Lee: That first experience was a nightmare. Let’s not forget that this is Australia, so our broadband is a lot worse than our North American, European and even Asian friends enjoy. It was slow, my computer’s graphics card was struggling, I didn’t understand why no matter how far I flew, land kept being built and populated in front of me faster than I could stop and buy it.

And Orientation Island! Argghh! I reckon it’s actually gotten worse, not better. I had no other virtual world to compare it to, not being a gamer or anything like that, but I don’t recall being frustrated by it. Well, not *overly* frustrated, anyway. It was such a new experience, and the interface so slow and clunky, that I must have found *something* worthwhile enough to make me stay. Probably its novelty for me.

Lowell: What in SL led you to become a long-term user?

Lee: Goodness, that makes me sound like a heroin addict! (laughs) – “Second Life becomes my home”, confesses 50-year old cracker. I guess that I became convinced of the power of 3D virtual worlds to bypass some of the normal ‘static’ and reach out in new ways to people. That sounds confusing, so let me give you an example:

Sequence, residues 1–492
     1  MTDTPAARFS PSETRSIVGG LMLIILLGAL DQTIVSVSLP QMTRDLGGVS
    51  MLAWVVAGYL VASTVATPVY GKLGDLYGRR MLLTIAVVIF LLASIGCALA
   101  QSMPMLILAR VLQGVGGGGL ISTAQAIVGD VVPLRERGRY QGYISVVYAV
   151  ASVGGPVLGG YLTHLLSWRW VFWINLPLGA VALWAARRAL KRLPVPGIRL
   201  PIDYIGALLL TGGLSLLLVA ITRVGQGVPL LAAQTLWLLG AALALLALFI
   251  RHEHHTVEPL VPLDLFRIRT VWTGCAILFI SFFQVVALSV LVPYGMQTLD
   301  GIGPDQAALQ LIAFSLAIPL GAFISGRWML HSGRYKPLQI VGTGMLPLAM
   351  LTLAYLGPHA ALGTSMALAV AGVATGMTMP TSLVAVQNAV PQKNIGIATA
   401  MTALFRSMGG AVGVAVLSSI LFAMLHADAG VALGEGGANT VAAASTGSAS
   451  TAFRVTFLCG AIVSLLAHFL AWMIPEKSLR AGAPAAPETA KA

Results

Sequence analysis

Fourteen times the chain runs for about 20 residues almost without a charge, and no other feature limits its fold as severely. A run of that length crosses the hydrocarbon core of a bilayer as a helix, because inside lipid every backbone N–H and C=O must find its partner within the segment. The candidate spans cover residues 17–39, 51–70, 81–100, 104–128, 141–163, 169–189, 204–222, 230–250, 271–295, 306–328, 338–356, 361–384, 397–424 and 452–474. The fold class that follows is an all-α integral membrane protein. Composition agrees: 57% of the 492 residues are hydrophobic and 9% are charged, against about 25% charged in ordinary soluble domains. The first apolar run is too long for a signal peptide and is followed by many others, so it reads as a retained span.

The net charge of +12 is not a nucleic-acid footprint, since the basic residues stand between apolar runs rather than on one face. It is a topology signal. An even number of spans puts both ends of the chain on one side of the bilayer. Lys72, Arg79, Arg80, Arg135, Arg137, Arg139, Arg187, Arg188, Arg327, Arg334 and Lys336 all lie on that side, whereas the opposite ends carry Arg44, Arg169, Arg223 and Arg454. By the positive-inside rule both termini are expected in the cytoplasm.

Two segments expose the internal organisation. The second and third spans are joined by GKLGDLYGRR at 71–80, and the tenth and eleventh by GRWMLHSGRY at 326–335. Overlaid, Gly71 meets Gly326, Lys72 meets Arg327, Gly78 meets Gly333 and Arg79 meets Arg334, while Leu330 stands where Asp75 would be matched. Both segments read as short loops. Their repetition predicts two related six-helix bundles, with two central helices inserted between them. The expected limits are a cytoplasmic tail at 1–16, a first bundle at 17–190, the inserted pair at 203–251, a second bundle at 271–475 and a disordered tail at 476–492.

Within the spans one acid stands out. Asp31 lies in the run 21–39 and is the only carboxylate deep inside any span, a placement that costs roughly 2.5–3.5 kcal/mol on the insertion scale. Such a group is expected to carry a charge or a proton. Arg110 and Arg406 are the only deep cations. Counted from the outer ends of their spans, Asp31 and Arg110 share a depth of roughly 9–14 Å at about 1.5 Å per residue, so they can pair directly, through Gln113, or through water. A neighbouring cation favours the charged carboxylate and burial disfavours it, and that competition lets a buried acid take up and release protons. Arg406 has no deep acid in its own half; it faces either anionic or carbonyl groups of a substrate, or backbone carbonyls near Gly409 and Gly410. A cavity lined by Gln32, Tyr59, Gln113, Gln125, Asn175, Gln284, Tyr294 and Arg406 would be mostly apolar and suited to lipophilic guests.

My wife is a nurse and, let it be understood, considers the computer the spawn of the Devil. She hates them with a passion only reserved for me when I do something wrong (you know, like when I breath or something – every husband reading this will understand). She resents the amount of time I spend ‘playing’ (as she calls it) on my computer rather than doing something useful – and this is before we even start talking about Second Life, and remembering that I don’t play computer games. For me, the PC is about work and networking with colleagues around the globe.